Lisa Thornbury wasn’t a fan of Valentine’s Day… until her kids showed her what the occasion was really about: kindness.

By Sarah Fox

 

Lisa Thornbury won’t stop until she’s the best… her best self, that is. A teacher-turned-freelance writer, the mother of two is known for sharing her day-to-day experiences on Forever In Mom Genes—a blog after the heart of all parents.

While her blog is all about passing on a message of love, February 14th—the international day of amore—has never been a big one for Lisa. In fact, she jokes about having a “cold anti-Valentine’s Day heart.”

Then her children came along.

More than a little enthusiastic about cupid’s day, son Sebastian and daughter Avery—the younger of the two—slowly caused the cold front once enveloping Valentine’s Day to dissipate. Soon, Lisa began to embrace the day as an opportunity for her and her kids to “let your love flow by telling your friends and classmates how much you care.” As for the “how” of it all, that came wrapped up in an initiative called WE Bake for Change. (Spoiler alert: delicious recipe to come!)

With Lisa’s focus on charitable living and her 14-year-old son being an avid baker, it was a no-brainer when it came to the family banning together for a fundraiser centered around a bake sale to fight food insecurity in WE Villages’ partner communities.

More a passionate consumer of her son’s delicious treats than a baker herself, Lisa credits her mom for teaching Sebastian the secret to whipping up batches of yumminess. “He wasn’t so much, ‘inspired’ to bake, as he was desperate for cookies that didn’t taste like sawdust,” she laughs. The mom is also mindful to mention how much help little sis Avery provides as her son’s official “assistant,” whenever there’s baking to be done.

Baking is just one constant in Lisa’s household. Now an ardent supporter of all-things-Valentines, she’s adding cute customs like styling her daughter’s hair in heart-shaped braids and serving up ketchup hearts on the kid’s dinner plates to their roster of traditions, alongside WE Bake for Change.

As February 14th approaches, the prospect of filling bellies across the world by warming hearts with baked goods and the spirit of volunteerism has Lisa and family all loved up. What’s on the menu for the fundraiser this year? They’re called Sweetheart Sweet Tart Raspberry Lemon Loaves and they’re a deliciously tart lemon loaf, accented with raspberries and a Valentine’s-inspired pink glaze.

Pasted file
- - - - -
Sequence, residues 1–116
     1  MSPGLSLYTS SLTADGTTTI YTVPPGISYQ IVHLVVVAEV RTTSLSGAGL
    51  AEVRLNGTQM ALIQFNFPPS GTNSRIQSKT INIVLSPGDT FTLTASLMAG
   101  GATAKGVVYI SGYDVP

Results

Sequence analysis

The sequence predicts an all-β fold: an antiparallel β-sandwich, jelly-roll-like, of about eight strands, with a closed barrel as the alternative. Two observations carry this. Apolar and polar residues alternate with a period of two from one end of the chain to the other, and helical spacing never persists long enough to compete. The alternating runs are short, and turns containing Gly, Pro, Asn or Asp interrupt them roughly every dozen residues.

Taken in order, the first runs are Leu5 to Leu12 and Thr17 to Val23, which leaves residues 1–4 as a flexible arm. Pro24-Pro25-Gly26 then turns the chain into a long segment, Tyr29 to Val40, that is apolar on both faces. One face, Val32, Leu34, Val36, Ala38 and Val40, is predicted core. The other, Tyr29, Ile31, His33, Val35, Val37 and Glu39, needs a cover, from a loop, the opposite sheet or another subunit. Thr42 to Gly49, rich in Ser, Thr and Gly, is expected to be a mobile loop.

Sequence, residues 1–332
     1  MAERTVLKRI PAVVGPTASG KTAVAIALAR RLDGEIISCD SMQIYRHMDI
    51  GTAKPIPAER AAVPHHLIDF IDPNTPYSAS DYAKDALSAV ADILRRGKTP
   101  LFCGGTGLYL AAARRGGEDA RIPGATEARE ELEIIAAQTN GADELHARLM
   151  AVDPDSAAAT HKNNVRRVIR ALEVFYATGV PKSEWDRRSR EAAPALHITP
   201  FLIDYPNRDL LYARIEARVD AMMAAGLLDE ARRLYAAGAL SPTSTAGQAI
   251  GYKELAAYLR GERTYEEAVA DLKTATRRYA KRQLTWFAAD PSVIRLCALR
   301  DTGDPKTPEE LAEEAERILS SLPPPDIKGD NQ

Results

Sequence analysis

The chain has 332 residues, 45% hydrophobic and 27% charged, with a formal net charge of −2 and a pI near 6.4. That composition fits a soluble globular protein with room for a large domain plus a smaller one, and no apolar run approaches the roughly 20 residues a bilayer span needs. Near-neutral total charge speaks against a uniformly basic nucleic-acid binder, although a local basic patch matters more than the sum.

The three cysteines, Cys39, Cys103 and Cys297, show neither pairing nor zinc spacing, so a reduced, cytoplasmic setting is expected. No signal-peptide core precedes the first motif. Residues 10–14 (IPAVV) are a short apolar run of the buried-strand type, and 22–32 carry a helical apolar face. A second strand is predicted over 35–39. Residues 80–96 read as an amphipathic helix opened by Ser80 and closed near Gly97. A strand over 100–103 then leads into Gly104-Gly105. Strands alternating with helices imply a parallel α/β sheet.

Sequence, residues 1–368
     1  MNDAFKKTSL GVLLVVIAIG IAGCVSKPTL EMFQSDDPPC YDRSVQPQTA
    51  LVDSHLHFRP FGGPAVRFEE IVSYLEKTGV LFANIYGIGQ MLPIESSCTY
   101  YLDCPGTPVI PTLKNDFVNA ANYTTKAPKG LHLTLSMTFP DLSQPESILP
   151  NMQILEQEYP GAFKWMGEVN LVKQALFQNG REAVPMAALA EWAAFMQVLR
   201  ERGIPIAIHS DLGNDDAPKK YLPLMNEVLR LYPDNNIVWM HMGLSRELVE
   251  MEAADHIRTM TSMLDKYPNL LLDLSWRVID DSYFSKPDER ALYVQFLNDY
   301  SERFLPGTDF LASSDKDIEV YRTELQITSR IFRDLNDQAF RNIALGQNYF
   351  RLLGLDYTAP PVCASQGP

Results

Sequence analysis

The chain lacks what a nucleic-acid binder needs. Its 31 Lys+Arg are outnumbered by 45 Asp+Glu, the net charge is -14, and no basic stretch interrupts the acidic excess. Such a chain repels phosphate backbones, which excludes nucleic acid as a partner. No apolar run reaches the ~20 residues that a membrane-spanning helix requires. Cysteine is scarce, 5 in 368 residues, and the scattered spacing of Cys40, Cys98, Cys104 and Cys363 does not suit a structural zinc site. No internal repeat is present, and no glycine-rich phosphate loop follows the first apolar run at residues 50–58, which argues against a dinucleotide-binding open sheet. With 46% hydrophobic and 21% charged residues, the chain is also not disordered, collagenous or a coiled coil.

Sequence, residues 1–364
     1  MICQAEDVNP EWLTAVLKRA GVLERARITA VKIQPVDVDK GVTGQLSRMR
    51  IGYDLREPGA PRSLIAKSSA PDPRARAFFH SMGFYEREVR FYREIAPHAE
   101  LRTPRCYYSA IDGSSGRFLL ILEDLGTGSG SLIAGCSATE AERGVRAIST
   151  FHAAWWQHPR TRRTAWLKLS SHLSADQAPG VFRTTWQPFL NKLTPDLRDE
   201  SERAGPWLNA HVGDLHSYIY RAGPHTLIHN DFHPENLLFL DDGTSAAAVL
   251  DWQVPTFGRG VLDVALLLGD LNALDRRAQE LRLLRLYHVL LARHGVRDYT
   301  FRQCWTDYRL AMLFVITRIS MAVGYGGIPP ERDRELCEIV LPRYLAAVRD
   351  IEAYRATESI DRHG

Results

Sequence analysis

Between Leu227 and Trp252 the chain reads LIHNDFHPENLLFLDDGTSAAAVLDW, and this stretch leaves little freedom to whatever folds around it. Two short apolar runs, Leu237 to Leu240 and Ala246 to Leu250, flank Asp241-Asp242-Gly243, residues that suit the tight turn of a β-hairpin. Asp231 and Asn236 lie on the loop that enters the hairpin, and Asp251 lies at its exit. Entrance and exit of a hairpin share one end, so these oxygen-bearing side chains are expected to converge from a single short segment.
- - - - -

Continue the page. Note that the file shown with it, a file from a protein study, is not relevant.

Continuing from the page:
Looking to introduce some heart-felt Valentine’s Day traditions to your family? Below, Lisa shares tips for celebrating the occasion as family—including giving back as one. Bonus: Sebastian shares his recipe for Sweetheart Sweet Tart Raspberry Lemon Loaves!

 

Lisa’s tips for filling your home with kindness this Valentine’s Day

Skip the commercialization.

I’m not a Valentine’s Day kind of gal. [But] any chance to celebrate anything and [my kids] are all over it. So—since I’m not a monster—I get on board. I like thinking of Valentine’s Day as a day to focus on being mindful by spreading the message of kindness, love and inclusion by giving not gifting. Turn giving inward and do something kind for yourself. Then, turn it outward and do something kind for someone else—a friend, a family member, or even better, a perfect stranger. [Switching] the focus from gifting to giving makes Valentine’s Day pretty sweet.

 

Encourage the power of kindness and love through everyday moments.

I think all kids go through an egocentric stage where everything is about them. It’s our job as adults to help kids to move out of that stage—and to see and experience the value in sharing and thinking of others.

People with disabilities can make some people uncomfortable. Avery, [who is diagnosed with a rare chromosome deletion/duplication] is sincerely the kindest person I know; she’s all love, all the time. [For] kids who have a sibling with special needs, [it] seems to soften their hearts in response to their sibling who is incapable of being unkind or hateful. Then as they grow, they just naturally extend that empathy and compassion to everyone around them.

 

Turn your kid’s interests into an opportunity to bond as a family.

Thankfully, [my mom] and my son share a love of sifting, so the recipes passed down through our family won’t die with me. Activities like WE Bake for Change are an example of a fun, but meaningful activities that demonstrates how deliciously easy it can be to give. We thought [the kids] could sell the [Sweetheart Sweet Tart Raspberry Lemon Loaves] in a digital bake sale on Facebook. We’d like to donate the proceeds to the Heart and Stroke Foundation. The heart connection to Valentine’s Day is obvious, but we also have a family connection to heart disease, and whenever we can support the HSF, we do.

 

1/2 softened butter
3/4 cup white sugar
2 eggs
1/2 cup milk
1 1/2 cups white flour
1 tsp. baking powder
1 cup fresh raspberries
1-2 lemons (for fresh lemon juice and zest) *can also use bottled fresh juice
1/2 cup icing sugar

Preheat the oven to 350° and lightly grease a loaf tin. Toss 3/4 cup of fresh raspberries with 1 tablespoon flour and set aside.

Cream white sugar and butter together and beat in the eggs. Add flour and baking powder, mixing well to combine. Stir in the milk and zest from at least one lemon. Fold in the floured raspberries.

Spoon into tin and bake for 55 minutes or until golden. (A skewer in the middle of the loaf should come out clean)

Prick all over with a skewer and cool for 10 minutes.

Mash the remaining 1/4 cup raspberries with lemon juice and icing sugar in a bowl. Push through a sieve, mashing with the back of the spoon to strain out the seeds. Spoon the thin raspberry glaze over the warm loaf.

Cool completely in the tin before turning out.

Optional: Decorate with more raspberries.

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